PTS REB AST STL BLK TOV 3PT FG FT
19 15 4 4 0 2 2/5 7/13 3/6

In 39 minutes. Nance has always been a good rebounder due to his athleticism and pursuit, but he’s developed a decent shot from downtown to go along with his handles and passing ability. He’s always been a maven for steals, as he plays the passing lanes well. The one conundrum has been the lack of blocks. He’s never come close to averaging 1 block per game despite receiving around 27 minutes per game during stretches. Probably has to do with overall defensive IQ, as athleticism isn’t the issue. Maybe he and Blake Griffin studied at the same dojo for how not to get blocks. Regardless, in nine games as a starter for the Cavs, Nance has averaged 35.2 minutes, 14.1 points, 1.3 tres, 9.9 boards, 3 dimes, 1.2 steals, and 0.8 blocks while shooting 50% from the field and 81% from the line. That’s equated to top 40 production for fantasy. Wouldn’t he be the perfect player for the Houston Rockets? Anyways, only use Nance when both Thompson and Drummond are out, or if the Cavs come out and say that he’s going to be the starting power forward from now on. Don’t hold your breath.

Here’s what else I saw last night:

Please, blog, may I have some more?

Naz Reid was a highly-touted recruit in high school and was ranked as the third-best power forward/15th-best overall player in the nation. He played his college ball at LSU and declared for the draft after one season. He’s 6′ 10″, 240 pounds, has feathery touch from downtown, has decent handles with a wicked spin move to maneuver in the paint, is agile for a man his size, and can dish out dimes. Then why did he go undrafted? He didn’t dominate his one year in college and tanked the pre-draft combine. But the Minnesota Timberwolves knew because it wasn’t hard to tell that he was Illmatic…….

Ahhhhh, love that song. Anyways, can’t give the Timberwolves that much credit because if they truly knew then they would’ve drafted him. Regardless, they took a shot and their gamble looks to have paid off.

PTS REB AST STL BLK TOV 3PT FG FT
13 14 3 3 2 1 1/4 5/12 2/2

In 27 minutes. Over the past seven games, Naz has averaged 25.4 minutes, 10.9 points, 0.9 tres, 7 boards, 1.6 dimes, 1.1 steals, and 1.1 blocks. A 1/1/1 player!!! The field goal percentage is very poor for a big man, though, as it’s been 40% recently and 41% on the season. He’s a 70% shooter from the free throw line. Now, much depends on whether or not Karl-Anthony Towns returns. If he does, then Naz will have little value, but if KAT does get shut down, then……Naz will be Illmatic. Beep. Boop. Bop. You know what’s always Illmatic? The Stocktonator.

Here’s what else I saw last night:

Please, blog, may I have some more?

R. J. Barrett is the 361st player on a per-game basis for the 2019 fantasy basketball season. There are 13 active players on each of the 30 NBA teams. That means that there are 390 active players. Thanks to my handy dandy abacus, that means that Barrett is better than 29 players. Yippee……That’s kind of not good for the 3rd overall pick in the 2019 NBA Draft. But he’s put together three straight decent games in a row. Are things turning around and is there merit to Barrett being fantasy relevant?

PTS REB AST STL BLK TOV 3PT FG FT
27 5 5 1 0 3 3/8 10/18 4/7

The 27 points tied a career-high, which Barrett has accomplished three times this season. Barrett can score, even though he shoots with the wrong hand. Beep. Boop. Bop. You know what performs regardless of the circumstances? The Stocktonator. He can also grab boards and dish out dimes. There is a reason why he was selected number three overall. With that said, there is a cavernous hole in his game: the shooting efficiency. On the season, he’s shooting 39% from the field and 59% from the line. There are stretches when he shoots sub-40% from the line. I will never understand how a professional ball player can’t shoot free throws at a high clip. It’s like literally their job. Anyways, he’s only 19 years old, so from a dynasty perspective, there is hope. For this season, he’s too inconsistent and doesn’t excel enough in the other categories to make the destruction of percentages worth it. So, the only merit to Barrett is in fading him.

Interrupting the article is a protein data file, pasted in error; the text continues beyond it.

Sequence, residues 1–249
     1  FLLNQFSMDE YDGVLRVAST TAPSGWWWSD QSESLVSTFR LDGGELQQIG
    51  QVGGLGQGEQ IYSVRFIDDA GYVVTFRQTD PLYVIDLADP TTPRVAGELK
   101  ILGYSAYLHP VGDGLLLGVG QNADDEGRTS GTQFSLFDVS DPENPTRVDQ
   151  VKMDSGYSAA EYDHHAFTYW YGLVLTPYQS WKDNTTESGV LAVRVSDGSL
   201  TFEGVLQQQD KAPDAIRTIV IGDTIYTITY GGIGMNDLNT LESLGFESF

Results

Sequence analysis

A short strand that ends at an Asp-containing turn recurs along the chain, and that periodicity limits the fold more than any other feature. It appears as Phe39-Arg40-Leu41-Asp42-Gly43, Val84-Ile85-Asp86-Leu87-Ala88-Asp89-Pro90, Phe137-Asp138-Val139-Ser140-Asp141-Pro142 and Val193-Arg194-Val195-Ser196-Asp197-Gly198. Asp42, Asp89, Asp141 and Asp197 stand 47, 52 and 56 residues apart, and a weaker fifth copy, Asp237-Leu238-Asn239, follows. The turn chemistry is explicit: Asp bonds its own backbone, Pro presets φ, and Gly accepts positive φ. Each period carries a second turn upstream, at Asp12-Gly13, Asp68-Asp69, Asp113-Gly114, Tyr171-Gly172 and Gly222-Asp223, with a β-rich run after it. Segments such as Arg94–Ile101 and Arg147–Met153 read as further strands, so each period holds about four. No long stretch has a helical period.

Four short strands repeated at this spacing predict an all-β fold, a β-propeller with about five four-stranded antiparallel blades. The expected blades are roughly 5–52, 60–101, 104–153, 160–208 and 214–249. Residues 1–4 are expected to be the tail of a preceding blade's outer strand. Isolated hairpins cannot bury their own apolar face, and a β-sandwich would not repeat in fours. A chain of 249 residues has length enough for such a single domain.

Here’s what else I saw last night:

Please, blog, may I have some more?

“I got the magic in me. Every time I touch that  track it turns into gold. Everybody knows I got the magic in me.” The list of Orlando Magic greats may not be excessively long, but the names up there are definitely hard to argue against. Shaquille O’Neal. Penny Hardaway. Tracy McGrady. Dwight Howard. Should I go on? You get the jest. When your name is mentioned in with those greats, that means that you have just accomplished something special. That is exactly what Aaron Gordon did Friday night. Just when you thought that losing another dunk contest would hurt his self esteem. Rather than sulking about falling short yet again in the dunk contest in this year’s All Star Weekend, this man messed around and got his first career triple-double.

PTS REB AST STL BLK TOV 3PT FG FT
17 11 12 2 0 2 1/6 6/13 4/5

Here’s what else I saw Friday night:

Please, blog, may I have some more?

Entering the 2019 NBA season, the Philadelphia 76ers had constructed one of the best starting lineups in all of basketball. Then Ben Simmons went down with a back injury followed by Joel Embiid suffering a shoulder injury. Those two were the cornerstones, the foundation of the franchise. Beep. Boop. Bop. You know what’s the foundation of Razzball Basketball? The Stocktonator. So morbid of me. I write as if they are dead. My bad. They are still the cornerstones and franchise of the organization, but for the short term, they will be closed to the public. Enter Tobias Harris. The third wheel. The third fiddle. Now, he is thrust into the numero uno role. If last night was any indication, things may be alright.

PTS REB AST STL BLK TOV 3PT FG FT
34 7 7 1 1 1 3/6 14/21 3/3

Now, before we crown his ass and say everything is aiight in Philly, this performance was against the New York Knicks so…..Let’s see what happens when the Sixers play a real team. With that said, he garnered a usage rate of 29.9% last night, a whopping 6% increase from his season average. Harris can score, drain tres, grab boards, and dish out dimes. The defensive stats are lacking, but he does provide a little something something. The turnovers are razor thin and the percentages are excellent: 47% from the field and 81% from the line on the season. Over the last four games, he’s been a top 25 player. With the increased usage, he could enter the realm of the fantasy goliaths. At least until Simmons and Embiid return to the mix.

Here’s what else I saw last night:

Please, blog, may I have some more?